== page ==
Another UAB-created polymer vehicle might help disperse future oil spills like the Deepwater Horizon disaster, which leaked 210 million gallons into the Gulf of Mexico soon after Kharlampieva and Kozlovskaya arrived in Birmingham in 2010. Their solution: self-destructing microsponges that absorb oil and harness the sun’s ultraviolet rays to degrade it into carbon dioxide and water. When the job is done, the particles themselves degrade as well.
Kharlampieva holds a patent on the technology, which has already been licensed to industry and may soon generate a spin-off company. “There are other technologies out there that can absorb oil, but they need to be disposed of afterward and can be highly toxic,” she says. “Our material is nontoxic and cleans up after itself.”

Photo of Nirzari Gupta and Veronika Kozlovskaya in lab pouring red solution into vesselVeronika Kozlovskaya (right) observes Nirzari Gupta, a chemistry Ph.D. student, as she prepares solutions for making nonspherical copper oxide microparticles.

Bubbling with enthusiasm

Kharlampieva and Kozlovskaya are enthusiastic champions of their discipline, sharing their excitement and discoveries with graduate students, undergraduates, and even local high-school students, who sometimes volunteer in the lab. Everyone is eager to learn, says Kharlampieva, who restarted and expanded polymer chemistry courses for undergraduates when she came to UAB. “The fact that my class has increased its enrollment from the time I started teaching it motivates me,” she notes. Her lab also provides “constant” opportunities for undergraduate researchers, she adds.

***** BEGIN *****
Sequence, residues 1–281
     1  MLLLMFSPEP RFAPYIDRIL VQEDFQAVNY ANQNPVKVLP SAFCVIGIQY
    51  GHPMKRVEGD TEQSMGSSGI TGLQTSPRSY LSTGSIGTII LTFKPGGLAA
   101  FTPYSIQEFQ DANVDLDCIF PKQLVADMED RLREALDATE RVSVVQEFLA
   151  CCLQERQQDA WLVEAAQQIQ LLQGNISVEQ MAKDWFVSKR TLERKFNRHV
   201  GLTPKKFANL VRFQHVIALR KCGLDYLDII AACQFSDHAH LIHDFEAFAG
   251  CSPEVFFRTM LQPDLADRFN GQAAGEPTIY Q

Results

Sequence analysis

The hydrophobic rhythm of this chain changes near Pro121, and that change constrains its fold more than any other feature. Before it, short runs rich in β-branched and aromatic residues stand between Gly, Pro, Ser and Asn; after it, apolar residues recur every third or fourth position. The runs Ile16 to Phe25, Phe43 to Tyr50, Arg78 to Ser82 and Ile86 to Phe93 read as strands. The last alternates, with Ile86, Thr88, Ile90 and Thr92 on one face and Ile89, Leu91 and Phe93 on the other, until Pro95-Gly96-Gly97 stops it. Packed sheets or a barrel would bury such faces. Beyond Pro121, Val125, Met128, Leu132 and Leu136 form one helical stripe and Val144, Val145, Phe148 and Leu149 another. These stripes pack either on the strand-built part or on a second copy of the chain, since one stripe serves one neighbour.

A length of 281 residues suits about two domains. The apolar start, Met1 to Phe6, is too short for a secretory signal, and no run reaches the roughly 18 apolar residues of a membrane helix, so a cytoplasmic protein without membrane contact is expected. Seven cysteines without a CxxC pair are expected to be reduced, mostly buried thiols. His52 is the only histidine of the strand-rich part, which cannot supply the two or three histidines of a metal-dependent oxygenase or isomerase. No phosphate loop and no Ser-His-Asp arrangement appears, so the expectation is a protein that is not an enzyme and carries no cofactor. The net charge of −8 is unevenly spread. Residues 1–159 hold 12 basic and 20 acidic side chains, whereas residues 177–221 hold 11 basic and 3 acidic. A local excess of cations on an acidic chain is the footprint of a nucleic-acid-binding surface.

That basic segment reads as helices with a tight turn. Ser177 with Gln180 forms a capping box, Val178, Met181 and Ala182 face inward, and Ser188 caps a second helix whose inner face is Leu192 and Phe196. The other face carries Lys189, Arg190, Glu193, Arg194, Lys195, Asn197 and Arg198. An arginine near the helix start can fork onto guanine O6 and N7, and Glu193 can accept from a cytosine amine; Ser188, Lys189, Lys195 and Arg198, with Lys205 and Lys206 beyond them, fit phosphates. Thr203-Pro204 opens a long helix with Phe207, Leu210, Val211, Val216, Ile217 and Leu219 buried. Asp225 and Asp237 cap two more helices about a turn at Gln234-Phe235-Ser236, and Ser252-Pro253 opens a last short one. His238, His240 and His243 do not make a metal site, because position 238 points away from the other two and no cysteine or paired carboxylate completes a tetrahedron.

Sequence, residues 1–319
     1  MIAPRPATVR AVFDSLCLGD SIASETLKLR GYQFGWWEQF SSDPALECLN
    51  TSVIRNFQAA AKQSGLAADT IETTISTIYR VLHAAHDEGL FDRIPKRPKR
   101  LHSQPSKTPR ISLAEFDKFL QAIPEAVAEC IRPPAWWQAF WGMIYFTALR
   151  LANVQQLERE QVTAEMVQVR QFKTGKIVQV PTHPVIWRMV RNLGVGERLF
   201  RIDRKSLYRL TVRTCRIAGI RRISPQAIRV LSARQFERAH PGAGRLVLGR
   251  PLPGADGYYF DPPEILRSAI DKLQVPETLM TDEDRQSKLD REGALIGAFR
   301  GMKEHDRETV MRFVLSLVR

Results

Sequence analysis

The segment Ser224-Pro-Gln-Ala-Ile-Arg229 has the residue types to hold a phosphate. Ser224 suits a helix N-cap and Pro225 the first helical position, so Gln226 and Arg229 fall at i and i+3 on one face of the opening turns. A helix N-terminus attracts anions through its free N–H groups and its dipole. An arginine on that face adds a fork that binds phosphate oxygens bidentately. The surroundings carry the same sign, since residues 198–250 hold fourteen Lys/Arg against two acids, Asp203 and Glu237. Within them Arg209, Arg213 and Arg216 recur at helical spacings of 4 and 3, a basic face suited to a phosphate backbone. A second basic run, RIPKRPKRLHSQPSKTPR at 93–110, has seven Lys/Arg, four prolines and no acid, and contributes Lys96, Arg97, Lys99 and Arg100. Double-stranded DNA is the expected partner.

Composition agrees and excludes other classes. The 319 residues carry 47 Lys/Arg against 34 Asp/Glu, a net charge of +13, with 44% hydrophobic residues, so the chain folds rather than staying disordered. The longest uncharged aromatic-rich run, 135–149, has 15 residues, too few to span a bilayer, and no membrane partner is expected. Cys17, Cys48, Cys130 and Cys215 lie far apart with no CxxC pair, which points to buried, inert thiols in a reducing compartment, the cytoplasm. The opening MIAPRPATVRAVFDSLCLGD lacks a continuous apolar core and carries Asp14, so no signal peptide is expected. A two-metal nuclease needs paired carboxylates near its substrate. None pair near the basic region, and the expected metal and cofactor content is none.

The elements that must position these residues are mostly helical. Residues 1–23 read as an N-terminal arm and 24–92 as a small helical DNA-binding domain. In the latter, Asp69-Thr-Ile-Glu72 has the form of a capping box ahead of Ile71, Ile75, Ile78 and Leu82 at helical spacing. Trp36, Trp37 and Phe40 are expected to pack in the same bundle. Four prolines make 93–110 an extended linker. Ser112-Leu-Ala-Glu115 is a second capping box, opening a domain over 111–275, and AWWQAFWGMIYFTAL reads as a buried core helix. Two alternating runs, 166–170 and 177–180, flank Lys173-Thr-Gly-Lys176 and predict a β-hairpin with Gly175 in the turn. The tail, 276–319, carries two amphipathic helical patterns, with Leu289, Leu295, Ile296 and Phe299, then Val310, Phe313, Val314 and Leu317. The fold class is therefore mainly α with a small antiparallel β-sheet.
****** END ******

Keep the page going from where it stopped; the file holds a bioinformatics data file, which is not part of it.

The thrill of the work is infectious. “We’re mimicking nature,” Kozlovskaya says. “We study how nature does it. Then we ask if we can do the same thing—and can we make it better?”
All signs point to yes, and the microcapsule breakthroughs prove it. “Polymer chemistry is changing the world,” Kharlampieva tells her students. “You can be part of it.”

Making microcapsules

Kharlampieva and Kozlovskaya describe the recipe for a smart drug-delivery system:

0519 shapeofthingstocome sidebar1

Create a core using a compound such as porous silicon oxide.

0519 shapeofthingstocome sidebar2Place the cores in a solution of doxorubicin, a potent anticancer drug, which they will soak up like a sponge.

0519 shapeofthingstocome sidebar3Add several tannic acid/polymer layers to create a microcapsule shell.

0519 shapeofthingstocome sidebar4Dissolve the core in hydrofluoric acid and purify in phosphate buffer solution.

0519 shapeofthingstocome sidebar5Inject into the bloodstream. The microcapsules will disintegrate in the acidic environment of cancer cells and deliver their payload.

Published May 2019